AAHS Home  |  2021 Virtual Portal  |  Past & Future Meetings
American Association for Hand Surgery

Back to 2022 ePosters


Clinical and Radiographic Outcomes of Scapholunate Ligament Tear Reconstruction Techniques: Systematic Review and Meta-analysis
Asif M Ilyas, MD, Orthopaedics, Rothman Orthopaedic Institute at Thomas Jefferson University, Philadelphia, PA

INTRODUCTION: Injury to the scapholunate interosseous ligament (SL) is one of the most common causes of carpal instability and post-traumatic wrist arthritis. Surgical management remains challenging due to the complex kinematics of the scapholunate joint, with no consensus on the optimal reconstruction technique. The goal of this meta-analysis was to comparatively review the available evidence of clinical, radiographic, and patient-reported functional outcomes between common surgical techniques for SL reconstruction in order to better guide management.
METHODS: A total of 42 studies met inclusion criteria using PRISMA guidelines, consisting of 1,172 patients, and was assessed. Standardized data extraction and analysis was performed. Surgical techniques were divided into the following 3 categories: capsulodesis, tenodesis, and bone-tissue-bone reconstruction. The mean of postoperative outcome assessments with standard deviation (SD) were used to calculate pooled standardized mean difference (SMD) with 95% confidence intervals (CIs).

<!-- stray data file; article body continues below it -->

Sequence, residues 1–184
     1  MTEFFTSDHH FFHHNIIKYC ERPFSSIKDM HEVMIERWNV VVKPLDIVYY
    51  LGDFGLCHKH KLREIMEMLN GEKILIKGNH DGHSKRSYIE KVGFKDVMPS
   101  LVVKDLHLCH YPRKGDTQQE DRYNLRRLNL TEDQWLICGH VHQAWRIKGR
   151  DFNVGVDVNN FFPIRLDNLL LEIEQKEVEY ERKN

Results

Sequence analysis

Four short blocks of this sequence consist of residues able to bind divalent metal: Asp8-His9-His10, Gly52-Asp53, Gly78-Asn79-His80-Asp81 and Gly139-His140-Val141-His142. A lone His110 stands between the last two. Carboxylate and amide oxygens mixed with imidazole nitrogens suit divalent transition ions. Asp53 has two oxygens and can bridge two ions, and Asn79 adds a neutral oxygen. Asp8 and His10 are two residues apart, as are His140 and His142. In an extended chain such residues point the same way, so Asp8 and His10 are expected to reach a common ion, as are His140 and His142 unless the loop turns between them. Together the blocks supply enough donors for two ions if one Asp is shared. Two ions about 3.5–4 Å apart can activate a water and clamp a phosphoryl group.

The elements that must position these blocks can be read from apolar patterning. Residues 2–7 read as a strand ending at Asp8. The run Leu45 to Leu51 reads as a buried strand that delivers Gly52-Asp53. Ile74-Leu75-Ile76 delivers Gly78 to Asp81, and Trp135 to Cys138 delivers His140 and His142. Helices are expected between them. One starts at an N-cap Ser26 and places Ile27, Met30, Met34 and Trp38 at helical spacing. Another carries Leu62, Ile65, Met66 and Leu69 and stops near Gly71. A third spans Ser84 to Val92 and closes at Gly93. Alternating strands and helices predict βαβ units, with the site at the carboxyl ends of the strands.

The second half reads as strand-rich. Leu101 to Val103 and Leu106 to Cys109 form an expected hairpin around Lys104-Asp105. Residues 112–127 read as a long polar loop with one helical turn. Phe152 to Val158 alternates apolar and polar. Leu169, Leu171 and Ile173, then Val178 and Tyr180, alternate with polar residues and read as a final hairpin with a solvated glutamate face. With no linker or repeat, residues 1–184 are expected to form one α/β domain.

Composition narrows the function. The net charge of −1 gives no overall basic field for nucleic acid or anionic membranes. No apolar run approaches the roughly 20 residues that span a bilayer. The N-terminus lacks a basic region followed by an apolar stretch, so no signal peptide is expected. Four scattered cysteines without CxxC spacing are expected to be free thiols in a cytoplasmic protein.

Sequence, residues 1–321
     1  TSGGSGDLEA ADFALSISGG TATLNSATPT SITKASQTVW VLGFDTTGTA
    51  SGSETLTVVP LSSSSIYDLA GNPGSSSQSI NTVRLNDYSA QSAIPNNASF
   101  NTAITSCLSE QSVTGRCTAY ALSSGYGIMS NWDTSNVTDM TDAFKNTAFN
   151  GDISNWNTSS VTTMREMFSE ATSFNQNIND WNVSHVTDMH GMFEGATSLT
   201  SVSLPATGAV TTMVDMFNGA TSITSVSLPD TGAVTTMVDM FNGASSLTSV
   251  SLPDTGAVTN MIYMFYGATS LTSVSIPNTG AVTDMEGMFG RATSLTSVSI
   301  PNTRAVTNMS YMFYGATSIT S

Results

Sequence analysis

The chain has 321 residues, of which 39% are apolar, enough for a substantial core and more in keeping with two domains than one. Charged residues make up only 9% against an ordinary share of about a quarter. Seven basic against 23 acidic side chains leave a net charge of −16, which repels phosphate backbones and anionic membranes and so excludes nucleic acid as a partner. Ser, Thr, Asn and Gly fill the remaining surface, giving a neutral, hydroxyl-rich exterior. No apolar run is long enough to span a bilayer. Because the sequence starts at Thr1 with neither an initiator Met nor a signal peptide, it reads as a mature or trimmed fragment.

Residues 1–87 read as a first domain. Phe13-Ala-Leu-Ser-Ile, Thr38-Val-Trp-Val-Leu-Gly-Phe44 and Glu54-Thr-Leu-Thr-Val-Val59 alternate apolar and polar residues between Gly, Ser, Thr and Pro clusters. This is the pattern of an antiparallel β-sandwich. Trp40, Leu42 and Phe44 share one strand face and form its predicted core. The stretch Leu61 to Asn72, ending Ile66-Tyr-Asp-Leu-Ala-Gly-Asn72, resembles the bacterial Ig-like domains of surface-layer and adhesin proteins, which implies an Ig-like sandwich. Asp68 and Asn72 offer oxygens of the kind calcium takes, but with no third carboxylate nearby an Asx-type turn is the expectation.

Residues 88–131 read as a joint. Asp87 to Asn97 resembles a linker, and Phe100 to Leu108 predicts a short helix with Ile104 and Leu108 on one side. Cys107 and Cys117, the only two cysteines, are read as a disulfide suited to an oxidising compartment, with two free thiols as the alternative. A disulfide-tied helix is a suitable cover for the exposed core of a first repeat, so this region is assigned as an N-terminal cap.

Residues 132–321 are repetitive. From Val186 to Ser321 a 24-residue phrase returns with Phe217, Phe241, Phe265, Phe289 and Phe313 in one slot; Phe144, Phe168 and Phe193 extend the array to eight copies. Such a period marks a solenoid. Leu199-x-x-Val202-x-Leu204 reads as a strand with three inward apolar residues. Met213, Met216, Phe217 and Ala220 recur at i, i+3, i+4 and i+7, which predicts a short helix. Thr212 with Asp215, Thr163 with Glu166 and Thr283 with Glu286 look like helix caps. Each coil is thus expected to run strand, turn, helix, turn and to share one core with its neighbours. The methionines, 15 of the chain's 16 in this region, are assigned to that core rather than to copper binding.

RESULTS: VAS (Visual Analog Scale) score was lowest (least postoperative pain) in the bone-tissue-bone group at 0.9, compared to 2.3 in the tenodesis group and 2.6 in the capsulodesis group (P < 0.05). Bone-tissue-bone reconstruction had the highest percentage of "excellent" functional outcomes at 64.5%, followed by tenodesis at 28.1% and capsulodesis at 12.3% (P < 0.0001). DASH/QuickDASH (Disabilities of the Arm, Shoulder and Hand) score was best in bone-tissue-bone patients at an average of 9.7, followed by 19.4 in tenodesis patients and 24.4 in capsulodesis patients (P < 0.0001). PRWE (Patient-Rated Wrist Evaluation) score was best in tenodesis patients at a mean score of 37.8, compared to 25.6 in capsulodesis patients and 16.3 in bone-tissue-bone patients (P < 0.05). There were no statistically significant differences in grip strength, range of motion, or radiographic outcomes (scapholunate gap and scapholunate angle) between surgical techniques.
CONCLUSION: Interpreted in the context of study limitations, existing data demonstrates some benefit of bone-tissue-bone reconstruction over capsulodesis and tenodesis in pain reduction and functional improvement of the injured wrist. No significant differences among radiographic outcomes could be ascertained between techniques, possibly attributable to the heterogeneity of procedures and insufficient preoperative results preventing analysis of differences between mean preoperative and postoperative values. This review provides a reference for future studies as well as highlights the need for higher-quality multi-center trials with longer-term follow-up and more standardized outcome measures.


Back to 2022 ePosters